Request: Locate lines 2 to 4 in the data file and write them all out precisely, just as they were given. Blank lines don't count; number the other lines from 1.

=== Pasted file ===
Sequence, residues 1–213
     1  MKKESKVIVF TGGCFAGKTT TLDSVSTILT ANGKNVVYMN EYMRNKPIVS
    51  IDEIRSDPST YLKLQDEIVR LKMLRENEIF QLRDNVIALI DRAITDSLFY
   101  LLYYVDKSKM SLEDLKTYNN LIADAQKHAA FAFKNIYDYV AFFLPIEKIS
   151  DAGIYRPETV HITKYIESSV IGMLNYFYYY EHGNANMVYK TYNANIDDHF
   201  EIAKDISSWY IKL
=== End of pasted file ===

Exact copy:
     1  MKKESKVIVF TGGCFAGKTT TLDSVSTILT ANGKNVVYMN EYMRNKPIVS
    51  IDEIRSDPST YLKLQDEIVR LKMLRENEIF QLRDNVIALI DRAITDSLFY
   101  LLYYVDKSKM SLEDLKTYNN LIADAQKHAA FAFKNIYDYV AFFLPIEKIS